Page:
ask me about my greying hair

Just after four o’clock my eyes fly open. It seems like I’ve heard Nels, up from his nap, paddling through the house. I lay staring at the ceiling, my sleeping four-year-old on top of the quilt next to me. I am completely, solidly, through-and-through awake. After a few minutes of silence I slip out of bed. The three of us have been asleep almost two hours; surely, children will be waking soon. I peek in his room. He slumbers still, his soft brown skin and angelic curls belying the Menace he has become.

I have been edgy for several days. Over my son. I am worried for his safety. In part this is due to valid concerns that accompany his adventurous, physically-capable self. In part, it’s something else, something I can’t quite isolate and analyze, something to do with the state of my emotional health.

Yesterday he got out of the house. Now I know why every time someone tells a story about their young child escaping the safety of the home (even if it was an episode that occurred decades ago), there is always a note of apology, and in the past I’ve interpreted that the storyteller is feeling he or she could have been held accountable if anything would have gone wrong. Now that it’s happened to me I realize this note of apology isn’t really insecurity or shame: it’s brokenness, thinking over what could have been, but wasn’t; the dreaded he-was-just-here-a-minute-ago accident that haunts every sensible parent now and then. After all, no one can reasonably expect the parent of a toddler to create a system where the child could never possibly get himself in an unsafe situation (friends with young children know this; the judgment of friends who don’t have children does not concern me or my friends with children). In short, our parental responsibilities in keeping our children safe and the fact the world is not always safe can create a constant undertone of vulnerability, fear, and a sort of spooked paranoia. I’ve been lucky that for years I’ve resisted that undercurrent; it seems now I am going to live with it for a while.

As to the actual escape, it was brief and uneventful but nevertheless unnerving. I was in the kitchen washing dishes and he was having a snack in the dining area. I suddenly got an eerie feeling and looked out the window to see my neighbor Megan and the mailman in my driveway, upper bodies bent at a slight incline and smiles on their faces, obviously talking to a chatting toddler. I rushed out, apron and all, and scooped up Nels. I know I told the Samaritans thank you, but I was too rattled to do much other than physically function and say the niceties. I didn’t even elaborate on how scared I was to my helpers or explain where I’d been or what I’d been doing during his escape. And I didn’t punish The Boy, of course. I carried him in against my thumping heart and buried my face in his hair. I latched the door and sat downLink on the couch for a minute until my ears stopped ringing.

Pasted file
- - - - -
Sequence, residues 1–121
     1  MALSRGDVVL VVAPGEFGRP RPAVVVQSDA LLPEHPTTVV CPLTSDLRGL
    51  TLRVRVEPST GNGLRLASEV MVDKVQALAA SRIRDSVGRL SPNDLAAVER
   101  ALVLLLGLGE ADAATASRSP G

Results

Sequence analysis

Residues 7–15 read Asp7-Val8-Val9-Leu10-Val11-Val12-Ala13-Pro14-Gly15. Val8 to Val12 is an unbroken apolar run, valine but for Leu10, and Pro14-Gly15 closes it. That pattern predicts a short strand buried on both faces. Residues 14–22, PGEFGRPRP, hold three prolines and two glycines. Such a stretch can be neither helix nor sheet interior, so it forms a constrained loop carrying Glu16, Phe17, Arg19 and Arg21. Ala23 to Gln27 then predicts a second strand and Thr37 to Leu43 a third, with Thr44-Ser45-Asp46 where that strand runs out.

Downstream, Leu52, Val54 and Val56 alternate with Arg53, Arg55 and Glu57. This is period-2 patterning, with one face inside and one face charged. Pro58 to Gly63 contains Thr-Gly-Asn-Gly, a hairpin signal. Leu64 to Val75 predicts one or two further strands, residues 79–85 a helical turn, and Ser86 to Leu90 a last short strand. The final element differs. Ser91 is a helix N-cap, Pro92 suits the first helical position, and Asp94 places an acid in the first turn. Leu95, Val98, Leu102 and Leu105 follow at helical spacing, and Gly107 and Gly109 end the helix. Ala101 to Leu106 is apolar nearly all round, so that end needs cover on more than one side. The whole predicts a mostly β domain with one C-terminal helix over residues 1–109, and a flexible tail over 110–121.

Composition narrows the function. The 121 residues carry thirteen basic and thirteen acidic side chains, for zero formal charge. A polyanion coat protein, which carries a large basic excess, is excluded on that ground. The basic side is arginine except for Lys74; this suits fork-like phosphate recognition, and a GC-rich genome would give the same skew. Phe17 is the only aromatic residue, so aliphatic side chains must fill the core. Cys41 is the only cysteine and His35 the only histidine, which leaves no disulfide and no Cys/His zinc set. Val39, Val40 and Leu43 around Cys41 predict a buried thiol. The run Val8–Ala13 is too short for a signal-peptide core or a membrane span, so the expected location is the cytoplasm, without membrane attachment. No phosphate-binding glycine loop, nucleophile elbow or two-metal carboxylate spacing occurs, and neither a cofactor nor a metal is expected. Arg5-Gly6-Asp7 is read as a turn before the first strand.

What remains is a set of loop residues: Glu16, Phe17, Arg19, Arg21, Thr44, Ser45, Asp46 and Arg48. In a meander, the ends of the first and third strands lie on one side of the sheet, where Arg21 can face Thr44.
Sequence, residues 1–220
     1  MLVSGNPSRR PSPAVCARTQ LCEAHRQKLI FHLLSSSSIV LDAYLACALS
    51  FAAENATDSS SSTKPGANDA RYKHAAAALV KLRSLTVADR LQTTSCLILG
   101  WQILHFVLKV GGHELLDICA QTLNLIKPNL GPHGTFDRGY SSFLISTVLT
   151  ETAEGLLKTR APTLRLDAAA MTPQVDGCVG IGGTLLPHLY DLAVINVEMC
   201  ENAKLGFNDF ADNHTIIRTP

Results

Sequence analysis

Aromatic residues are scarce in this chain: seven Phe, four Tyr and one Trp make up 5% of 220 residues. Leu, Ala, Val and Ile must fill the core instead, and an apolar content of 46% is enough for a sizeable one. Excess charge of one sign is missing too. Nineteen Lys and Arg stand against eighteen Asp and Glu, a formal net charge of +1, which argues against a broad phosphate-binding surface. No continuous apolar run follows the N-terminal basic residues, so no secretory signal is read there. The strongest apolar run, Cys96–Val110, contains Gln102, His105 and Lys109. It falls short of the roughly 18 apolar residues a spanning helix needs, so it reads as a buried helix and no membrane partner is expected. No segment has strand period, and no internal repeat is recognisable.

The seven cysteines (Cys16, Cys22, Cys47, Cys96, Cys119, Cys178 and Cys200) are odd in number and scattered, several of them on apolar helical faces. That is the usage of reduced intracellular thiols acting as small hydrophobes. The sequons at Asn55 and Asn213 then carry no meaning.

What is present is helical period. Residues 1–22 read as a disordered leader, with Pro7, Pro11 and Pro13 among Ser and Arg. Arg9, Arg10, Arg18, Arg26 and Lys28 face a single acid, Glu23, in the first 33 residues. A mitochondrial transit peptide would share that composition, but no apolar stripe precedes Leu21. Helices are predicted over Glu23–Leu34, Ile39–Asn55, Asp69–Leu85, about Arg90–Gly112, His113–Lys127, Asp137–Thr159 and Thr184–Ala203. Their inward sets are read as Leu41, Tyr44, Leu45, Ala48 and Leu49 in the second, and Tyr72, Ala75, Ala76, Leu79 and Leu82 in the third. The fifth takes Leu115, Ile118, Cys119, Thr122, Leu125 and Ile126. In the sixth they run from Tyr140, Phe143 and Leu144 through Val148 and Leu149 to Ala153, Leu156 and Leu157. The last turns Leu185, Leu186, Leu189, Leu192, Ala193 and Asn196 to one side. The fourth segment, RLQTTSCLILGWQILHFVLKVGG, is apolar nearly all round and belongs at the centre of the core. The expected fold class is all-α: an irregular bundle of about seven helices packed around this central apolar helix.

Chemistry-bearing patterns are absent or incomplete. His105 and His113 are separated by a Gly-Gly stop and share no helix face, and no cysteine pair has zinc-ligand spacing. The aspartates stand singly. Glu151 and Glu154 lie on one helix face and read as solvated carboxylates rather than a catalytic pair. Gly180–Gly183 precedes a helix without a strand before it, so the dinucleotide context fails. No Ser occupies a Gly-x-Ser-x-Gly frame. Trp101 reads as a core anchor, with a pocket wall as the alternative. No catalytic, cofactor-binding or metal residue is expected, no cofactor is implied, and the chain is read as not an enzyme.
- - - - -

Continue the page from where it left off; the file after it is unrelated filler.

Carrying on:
This weekend he journeys with my husband and daughter to my in-laws in Eastern Washington. I tell my friends how excited I am to have the house to myself for a weekend (the first time since the children were born). My girlfriends spin tales of me passed out on my living room floor (after a night filled with various acts of debauchery) amongst empty liquor bottles, and a crumpled novelty t-shirt. The truth is, a big part of me will be relieved and content just to know Nels is under the care of his Papa, sister, and two doting and watchful grandparents: and for a few days, not me.

As I wrote this story my husband puts away dishes and makes ready for dinner. Nels creaks the door open and comes running out, clad only in socks, to be swooped up into waiting, loving arms. In the moment, he is completely unaware of anything other than the joy of being alive.

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